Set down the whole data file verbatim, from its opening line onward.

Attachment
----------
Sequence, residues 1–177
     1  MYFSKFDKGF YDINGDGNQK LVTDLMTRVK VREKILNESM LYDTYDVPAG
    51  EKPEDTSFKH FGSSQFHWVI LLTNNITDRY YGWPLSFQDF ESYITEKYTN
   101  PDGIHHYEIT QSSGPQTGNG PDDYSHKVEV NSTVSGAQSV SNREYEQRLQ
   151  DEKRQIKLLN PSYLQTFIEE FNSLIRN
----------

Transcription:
Sequence, residues 1–177
     1  MYFSKFDKGF YDINGDGNQK LVTDLMTRVK VREKILNESM LYDTYDVPAG
    51  EKPEDTSFKH FGSSQFHWVI LLTNNITDRY YGWPLSFQDF ESYITEKYTN
   101  PDGIHHYEIT QSSGPQTGNG PDDYSHKVEV NSTVSGAQSV SNREYEQRLQ
   151  DEKRQIKLLN PSYLQTFIEE FNSLIRN